The Basics of Trauma Informed Care

What is Trauma Informed Care?

Being trauma informed is one of the most important skills I have learned working with women, and especially women in recovery from a substance use disorder.  Unfortunately, most women in recovery from addiction experienced a traumatic event before the addiction developed.  If a clinician or a treatment program is working with women and they are not trauma informed, they can inadvertently re-traumatize the patient.  Re-traumatizing a woman in early sobriety can lead to mood instability, increased shame and guilt and possibly relapse.  Here are the basics of trauma informed care:

1.  Safety is the most important thing

Trauma survivors need to be in an environment where they feel safe and can trust the clinicians they are working with. Safety can mean different things to different people, but generally a safe therapeutic environment means that the patient feels worthy and respected, not judged, and her thoughts, feelings, and needs are heard and valued. Additionally, safety also means autonomy. Many women who are trauma survivors have been controlled and manipulated. A safe therapeutic experience is one that allows the trauma survivor to inherently know that she is worthy and valuable.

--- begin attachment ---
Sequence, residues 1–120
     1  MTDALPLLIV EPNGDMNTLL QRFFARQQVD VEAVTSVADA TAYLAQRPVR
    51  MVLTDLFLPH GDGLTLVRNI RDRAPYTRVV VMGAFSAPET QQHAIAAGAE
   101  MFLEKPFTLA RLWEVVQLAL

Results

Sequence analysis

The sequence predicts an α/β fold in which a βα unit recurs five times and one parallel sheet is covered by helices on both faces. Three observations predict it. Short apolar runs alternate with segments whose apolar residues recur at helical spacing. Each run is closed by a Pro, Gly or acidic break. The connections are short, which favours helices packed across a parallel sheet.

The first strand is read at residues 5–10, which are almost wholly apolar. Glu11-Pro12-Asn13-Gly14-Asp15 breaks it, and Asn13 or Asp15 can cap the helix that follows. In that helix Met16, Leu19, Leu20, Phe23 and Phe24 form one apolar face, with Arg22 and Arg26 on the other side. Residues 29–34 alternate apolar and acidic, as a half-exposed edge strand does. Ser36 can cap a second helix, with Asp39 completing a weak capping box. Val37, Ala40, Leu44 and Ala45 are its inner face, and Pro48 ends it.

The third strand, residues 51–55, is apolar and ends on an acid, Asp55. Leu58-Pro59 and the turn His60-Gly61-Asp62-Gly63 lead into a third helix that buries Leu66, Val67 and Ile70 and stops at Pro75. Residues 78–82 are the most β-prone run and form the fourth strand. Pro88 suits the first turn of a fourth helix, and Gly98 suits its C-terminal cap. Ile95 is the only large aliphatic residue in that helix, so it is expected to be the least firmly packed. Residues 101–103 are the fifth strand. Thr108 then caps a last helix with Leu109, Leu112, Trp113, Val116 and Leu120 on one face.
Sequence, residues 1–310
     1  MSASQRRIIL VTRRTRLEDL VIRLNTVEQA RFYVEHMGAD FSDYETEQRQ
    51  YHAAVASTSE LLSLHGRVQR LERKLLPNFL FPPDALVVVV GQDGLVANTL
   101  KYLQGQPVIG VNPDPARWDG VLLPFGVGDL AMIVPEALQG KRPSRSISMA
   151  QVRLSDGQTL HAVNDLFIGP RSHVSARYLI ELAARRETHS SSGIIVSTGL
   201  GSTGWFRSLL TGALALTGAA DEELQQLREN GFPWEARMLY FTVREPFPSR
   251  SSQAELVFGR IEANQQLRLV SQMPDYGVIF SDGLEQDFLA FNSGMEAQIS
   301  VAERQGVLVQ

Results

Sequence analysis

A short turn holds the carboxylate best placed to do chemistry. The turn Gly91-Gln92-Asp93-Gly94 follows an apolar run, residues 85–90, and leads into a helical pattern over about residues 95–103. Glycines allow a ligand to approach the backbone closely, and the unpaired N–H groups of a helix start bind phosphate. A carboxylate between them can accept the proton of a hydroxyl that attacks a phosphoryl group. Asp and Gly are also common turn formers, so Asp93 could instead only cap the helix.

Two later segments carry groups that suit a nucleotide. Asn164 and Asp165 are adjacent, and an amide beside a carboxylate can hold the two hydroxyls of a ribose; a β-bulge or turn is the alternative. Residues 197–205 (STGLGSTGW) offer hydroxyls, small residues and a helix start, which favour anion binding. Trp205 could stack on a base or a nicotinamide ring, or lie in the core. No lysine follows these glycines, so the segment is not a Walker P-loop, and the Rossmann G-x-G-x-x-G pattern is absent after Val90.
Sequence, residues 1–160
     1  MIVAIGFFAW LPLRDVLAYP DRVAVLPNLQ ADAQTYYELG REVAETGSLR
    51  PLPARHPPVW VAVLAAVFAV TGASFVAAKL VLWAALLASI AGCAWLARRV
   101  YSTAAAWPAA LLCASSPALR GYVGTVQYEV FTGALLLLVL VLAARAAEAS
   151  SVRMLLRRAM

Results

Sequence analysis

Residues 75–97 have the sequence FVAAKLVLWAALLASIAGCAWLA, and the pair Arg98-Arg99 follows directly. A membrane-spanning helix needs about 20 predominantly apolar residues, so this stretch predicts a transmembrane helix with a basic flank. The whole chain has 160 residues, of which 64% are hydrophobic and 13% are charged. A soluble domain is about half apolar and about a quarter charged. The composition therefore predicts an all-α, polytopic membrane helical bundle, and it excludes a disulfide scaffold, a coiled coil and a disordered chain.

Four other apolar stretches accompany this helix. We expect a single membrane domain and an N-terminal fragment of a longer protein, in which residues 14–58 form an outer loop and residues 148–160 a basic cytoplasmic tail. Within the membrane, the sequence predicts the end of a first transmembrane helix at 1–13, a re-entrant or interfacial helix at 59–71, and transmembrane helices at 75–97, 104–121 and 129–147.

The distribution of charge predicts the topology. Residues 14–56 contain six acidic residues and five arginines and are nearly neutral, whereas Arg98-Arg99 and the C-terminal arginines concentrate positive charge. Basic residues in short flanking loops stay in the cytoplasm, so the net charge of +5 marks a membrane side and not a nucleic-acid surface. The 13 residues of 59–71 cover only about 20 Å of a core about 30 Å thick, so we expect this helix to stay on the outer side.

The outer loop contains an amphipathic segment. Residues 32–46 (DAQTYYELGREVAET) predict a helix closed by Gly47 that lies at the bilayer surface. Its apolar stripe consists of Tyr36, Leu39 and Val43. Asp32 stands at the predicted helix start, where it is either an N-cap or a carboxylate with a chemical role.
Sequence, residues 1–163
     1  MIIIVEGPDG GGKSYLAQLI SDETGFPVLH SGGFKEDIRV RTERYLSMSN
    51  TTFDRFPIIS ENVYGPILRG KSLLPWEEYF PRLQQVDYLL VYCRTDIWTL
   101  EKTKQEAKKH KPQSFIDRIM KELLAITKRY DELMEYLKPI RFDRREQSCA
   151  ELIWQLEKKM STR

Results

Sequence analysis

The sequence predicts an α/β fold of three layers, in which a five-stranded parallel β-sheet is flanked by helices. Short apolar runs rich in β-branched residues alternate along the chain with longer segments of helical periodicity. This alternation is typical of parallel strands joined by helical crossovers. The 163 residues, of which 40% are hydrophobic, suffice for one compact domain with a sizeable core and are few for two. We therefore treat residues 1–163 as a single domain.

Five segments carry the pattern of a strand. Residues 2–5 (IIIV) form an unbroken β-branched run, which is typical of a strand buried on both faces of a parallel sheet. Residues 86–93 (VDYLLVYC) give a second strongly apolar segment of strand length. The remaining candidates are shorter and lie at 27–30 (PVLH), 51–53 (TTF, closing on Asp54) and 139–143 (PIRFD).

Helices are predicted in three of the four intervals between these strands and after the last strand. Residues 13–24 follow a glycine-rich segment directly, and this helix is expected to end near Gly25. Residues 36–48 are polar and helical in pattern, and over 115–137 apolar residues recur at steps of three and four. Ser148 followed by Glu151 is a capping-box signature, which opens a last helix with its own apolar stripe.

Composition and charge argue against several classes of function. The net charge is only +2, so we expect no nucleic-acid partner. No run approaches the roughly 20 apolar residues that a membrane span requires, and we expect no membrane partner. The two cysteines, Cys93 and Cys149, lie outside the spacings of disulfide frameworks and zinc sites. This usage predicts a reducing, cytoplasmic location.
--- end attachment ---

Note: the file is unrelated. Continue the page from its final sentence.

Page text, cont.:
2.  Avoid re-traumatizing your patient

This is another very important aspect of working with women and trauma survivors. Most women who have experienced trauma have experienced the traumatic event on multiple levels. The first level is the traumatic event itself, the second is family, parents, and loved ones possibly not believing or not supporting the trauma survivor when they ask for help or report the abuse. The third is the justice system itself. Many times women experience discrimination or maltreatment by the justice system when they report abuse to the authorities. Because of the many levels that women can experience a trauma, it is important to do a thorough trauma assessment in order to learn what trauma they have experienced so that you can adjust your behavior and interventions appropriately. It is extremely important to understand how their support system and the justice system handled the traumatic event. If the trauma survivor was not supported through the trauma, and was even blamed, shamed, or told it did not happen, that can shed light for you as the clinician on the type of behavior that may re-traumatize your patient.

3.  Help your patient find her power

Every woman deserves to feel strong, worthy, capable, and confident. It is my job as a therapist to continually affirm and reinforce healthy self talk for my patient. Some women and trauma survivors have never heard positive and affirming statements about themselves. They need to hear that from us, but more importantly the goal is that they start saying these positive statements to themselves. As women feel more worthy, they begin making healthy choices in other areas of their lives, such as relationships with friends, family, and partners. When your patient finds her power, this will create a ripple effect of healthy choices throughout her life. It's a beautiful thing to watch.